Here’s a highly informative and irreverent post on how venture capitalists make money. If you are at all interested in the industry, I recommend it. I had to piece it together from many books and blogs over the years. This is maybe the best individual post on the topic I’ve seen.
In the post, the author shares this graphic that they call “The Top Quartile VC Loop.”
Get allocations in good startups
Generate top quartile returns for your LPs
Gain notoriety for your golden touch
Your track record attracts the best startups
The famous funds in VC are famous because they did this. They outperformed and that outperformance led to more outperformance. Once you’re in the loop, it seems almost hard not to keep winning—unless you blow yourself up.
This loop is what every general partner is trying to either kickstart of maintain for their fund. It’s useful framing for everybody in the VC ecosystem:
Aspiring and junior VCs can ask themselves how they can aid the general partners in each stage of this loop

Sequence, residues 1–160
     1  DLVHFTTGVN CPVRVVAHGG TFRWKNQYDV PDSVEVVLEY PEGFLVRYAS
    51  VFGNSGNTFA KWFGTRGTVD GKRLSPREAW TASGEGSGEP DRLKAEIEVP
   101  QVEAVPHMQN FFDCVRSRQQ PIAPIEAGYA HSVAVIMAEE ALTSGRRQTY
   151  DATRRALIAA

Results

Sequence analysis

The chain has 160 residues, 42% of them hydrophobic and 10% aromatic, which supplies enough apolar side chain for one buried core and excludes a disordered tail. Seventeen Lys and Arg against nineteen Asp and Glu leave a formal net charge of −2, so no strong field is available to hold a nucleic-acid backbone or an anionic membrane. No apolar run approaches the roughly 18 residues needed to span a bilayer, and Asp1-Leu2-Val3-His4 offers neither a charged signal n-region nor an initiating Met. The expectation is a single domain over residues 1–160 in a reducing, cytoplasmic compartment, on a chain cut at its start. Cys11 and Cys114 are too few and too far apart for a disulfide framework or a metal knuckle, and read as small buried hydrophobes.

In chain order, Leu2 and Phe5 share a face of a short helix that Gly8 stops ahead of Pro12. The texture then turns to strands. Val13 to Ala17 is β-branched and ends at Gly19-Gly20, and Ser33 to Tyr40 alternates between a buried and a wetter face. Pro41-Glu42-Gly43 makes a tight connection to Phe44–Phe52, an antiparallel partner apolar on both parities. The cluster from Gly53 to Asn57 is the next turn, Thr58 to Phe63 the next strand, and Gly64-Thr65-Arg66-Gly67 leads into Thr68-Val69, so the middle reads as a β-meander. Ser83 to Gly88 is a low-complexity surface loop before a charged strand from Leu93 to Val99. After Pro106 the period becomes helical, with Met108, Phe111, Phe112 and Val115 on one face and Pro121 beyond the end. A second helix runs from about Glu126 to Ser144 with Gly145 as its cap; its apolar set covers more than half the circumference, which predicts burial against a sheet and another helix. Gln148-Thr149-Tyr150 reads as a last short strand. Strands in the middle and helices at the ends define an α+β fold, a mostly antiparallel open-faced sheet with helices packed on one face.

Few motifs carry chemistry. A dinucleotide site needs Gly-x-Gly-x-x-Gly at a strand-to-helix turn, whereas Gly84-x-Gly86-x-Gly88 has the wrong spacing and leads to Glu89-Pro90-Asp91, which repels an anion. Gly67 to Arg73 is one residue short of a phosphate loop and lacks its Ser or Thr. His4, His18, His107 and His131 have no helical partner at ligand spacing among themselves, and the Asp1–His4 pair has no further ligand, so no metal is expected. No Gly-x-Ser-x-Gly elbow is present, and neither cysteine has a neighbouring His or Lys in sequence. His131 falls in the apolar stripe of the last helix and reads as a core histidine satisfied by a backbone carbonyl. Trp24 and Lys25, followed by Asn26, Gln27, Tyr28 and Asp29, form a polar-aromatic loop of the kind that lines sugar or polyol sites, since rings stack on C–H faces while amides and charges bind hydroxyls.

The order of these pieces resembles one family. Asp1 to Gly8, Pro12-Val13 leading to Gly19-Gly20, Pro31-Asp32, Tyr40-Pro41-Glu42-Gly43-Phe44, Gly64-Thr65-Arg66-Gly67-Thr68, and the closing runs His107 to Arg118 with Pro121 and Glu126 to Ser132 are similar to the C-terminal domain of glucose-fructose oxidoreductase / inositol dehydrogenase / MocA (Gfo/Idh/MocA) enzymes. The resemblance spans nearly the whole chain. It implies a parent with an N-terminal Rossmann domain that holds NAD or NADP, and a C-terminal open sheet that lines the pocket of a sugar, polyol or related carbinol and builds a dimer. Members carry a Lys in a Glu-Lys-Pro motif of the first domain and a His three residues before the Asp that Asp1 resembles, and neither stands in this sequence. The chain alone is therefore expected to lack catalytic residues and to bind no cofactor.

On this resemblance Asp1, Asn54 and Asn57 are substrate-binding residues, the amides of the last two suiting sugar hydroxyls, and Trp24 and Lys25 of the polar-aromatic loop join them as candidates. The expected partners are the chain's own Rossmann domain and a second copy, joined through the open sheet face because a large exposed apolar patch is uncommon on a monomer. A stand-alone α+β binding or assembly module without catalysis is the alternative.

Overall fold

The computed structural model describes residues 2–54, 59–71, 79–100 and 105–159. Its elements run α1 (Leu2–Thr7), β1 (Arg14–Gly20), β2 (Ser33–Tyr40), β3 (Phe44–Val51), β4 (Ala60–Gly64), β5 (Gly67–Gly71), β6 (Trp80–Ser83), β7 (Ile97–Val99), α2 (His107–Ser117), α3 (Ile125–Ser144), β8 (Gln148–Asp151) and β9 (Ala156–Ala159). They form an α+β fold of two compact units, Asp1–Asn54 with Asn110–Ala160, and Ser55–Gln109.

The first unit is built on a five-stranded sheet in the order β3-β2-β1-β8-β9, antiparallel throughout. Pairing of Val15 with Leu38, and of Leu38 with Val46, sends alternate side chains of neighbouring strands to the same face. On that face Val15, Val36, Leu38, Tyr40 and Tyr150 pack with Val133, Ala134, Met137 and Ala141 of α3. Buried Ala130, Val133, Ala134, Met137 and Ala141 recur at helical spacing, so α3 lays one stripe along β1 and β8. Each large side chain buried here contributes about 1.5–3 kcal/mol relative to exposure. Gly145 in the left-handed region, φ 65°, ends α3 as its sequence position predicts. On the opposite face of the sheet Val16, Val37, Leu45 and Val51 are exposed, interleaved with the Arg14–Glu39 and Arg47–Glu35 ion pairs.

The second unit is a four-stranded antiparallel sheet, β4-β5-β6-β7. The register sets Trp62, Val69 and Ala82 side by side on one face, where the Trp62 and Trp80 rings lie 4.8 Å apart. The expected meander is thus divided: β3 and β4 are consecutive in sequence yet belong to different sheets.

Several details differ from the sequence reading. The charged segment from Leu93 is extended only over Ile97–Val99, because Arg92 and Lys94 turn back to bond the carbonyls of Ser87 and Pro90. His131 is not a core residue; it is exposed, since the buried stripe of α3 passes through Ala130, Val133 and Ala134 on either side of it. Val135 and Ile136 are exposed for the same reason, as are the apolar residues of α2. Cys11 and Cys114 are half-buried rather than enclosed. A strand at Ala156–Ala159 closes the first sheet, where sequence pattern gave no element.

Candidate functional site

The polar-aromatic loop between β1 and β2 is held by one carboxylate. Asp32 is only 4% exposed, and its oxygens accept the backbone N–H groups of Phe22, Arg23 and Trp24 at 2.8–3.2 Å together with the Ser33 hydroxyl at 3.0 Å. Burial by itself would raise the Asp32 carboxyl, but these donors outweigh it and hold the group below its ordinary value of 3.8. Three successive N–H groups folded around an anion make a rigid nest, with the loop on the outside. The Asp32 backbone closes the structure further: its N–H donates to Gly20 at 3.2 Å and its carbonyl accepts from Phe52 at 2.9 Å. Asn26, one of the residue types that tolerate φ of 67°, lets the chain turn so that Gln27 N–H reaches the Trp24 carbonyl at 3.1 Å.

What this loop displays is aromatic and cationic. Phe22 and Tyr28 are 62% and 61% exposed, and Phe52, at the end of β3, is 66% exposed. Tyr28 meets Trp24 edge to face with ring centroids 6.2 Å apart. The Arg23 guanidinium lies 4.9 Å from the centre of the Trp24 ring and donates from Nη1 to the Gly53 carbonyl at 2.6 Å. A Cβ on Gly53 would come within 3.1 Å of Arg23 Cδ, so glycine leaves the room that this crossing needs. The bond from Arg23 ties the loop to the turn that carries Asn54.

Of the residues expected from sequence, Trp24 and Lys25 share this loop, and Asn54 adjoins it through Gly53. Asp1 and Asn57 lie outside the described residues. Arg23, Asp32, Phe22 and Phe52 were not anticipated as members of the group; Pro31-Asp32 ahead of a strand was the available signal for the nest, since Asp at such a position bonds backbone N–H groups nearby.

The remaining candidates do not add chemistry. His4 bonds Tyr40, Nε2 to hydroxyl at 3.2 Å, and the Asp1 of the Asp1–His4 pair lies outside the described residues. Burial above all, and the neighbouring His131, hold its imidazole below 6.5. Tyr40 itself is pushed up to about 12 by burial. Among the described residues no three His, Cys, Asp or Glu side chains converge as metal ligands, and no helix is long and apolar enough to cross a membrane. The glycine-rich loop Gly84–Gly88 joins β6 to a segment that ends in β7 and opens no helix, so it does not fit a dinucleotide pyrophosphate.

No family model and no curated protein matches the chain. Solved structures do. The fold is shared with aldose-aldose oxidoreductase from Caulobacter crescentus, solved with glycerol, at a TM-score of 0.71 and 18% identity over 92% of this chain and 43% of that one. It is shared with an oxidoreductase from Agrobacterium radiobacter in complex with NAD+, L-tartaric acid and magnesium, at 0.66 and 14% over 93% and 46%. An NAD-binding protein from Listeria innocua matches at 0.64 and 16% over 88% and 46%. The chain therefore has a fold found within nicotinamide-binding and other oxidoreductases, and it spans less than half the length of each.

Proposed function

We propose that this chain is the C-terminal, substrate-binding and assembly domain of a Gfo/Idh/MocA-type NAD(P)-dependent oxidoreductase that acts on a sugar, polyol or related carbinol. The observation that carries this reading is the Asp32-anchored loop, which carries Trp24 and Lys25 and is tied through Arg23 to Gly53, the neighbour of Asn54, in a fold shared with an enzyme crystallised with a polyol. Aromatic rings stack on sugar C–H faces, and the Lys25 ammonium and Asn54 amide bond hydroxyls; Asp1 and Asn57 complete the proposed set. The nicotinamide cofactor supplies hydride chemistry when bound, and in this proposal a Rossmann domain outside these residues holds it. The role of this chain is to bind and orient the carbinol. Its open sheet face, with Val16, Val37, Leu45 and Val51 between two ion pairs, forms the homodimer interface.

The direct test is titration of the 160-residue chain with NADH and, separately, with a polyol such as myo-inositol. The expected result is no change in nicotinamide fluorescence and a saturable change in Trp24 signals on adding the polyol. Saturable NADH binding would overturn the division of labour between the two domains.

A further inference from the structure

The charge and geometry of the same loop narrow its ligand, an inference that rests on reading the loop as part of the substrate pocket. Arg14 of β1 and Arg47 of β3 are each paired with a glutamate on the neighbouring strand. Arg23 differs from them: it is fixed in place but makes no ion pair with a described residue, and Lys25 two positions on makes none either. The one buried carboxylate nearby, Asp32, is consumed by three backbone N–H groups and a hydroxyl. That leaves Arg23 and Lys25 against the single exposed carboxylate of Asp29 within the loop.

Founders seeking capital must position their company as a way for the fund to achieve top quartile returns for their LPs
GPs are trying to get their loops going and LPs want to invest in funds with this loop
Several friends have recently asked for advice on breaking into VC and my response has been “get as close to doing the job as you can.” Good is domain expertise (e.g. prior experience in the field or thought leadership) and clear articulation of why you would have good judgement. Better is proven access (by e.g. introducing funds to companies) and approximation of judgement (by e.g. managing a “fantasy portfolio.”). Best is actually having invested and built up a track record.
This loop offers some context on why. To break into VC, you need to convince partners or LPs that you can help start or accelerate this loop.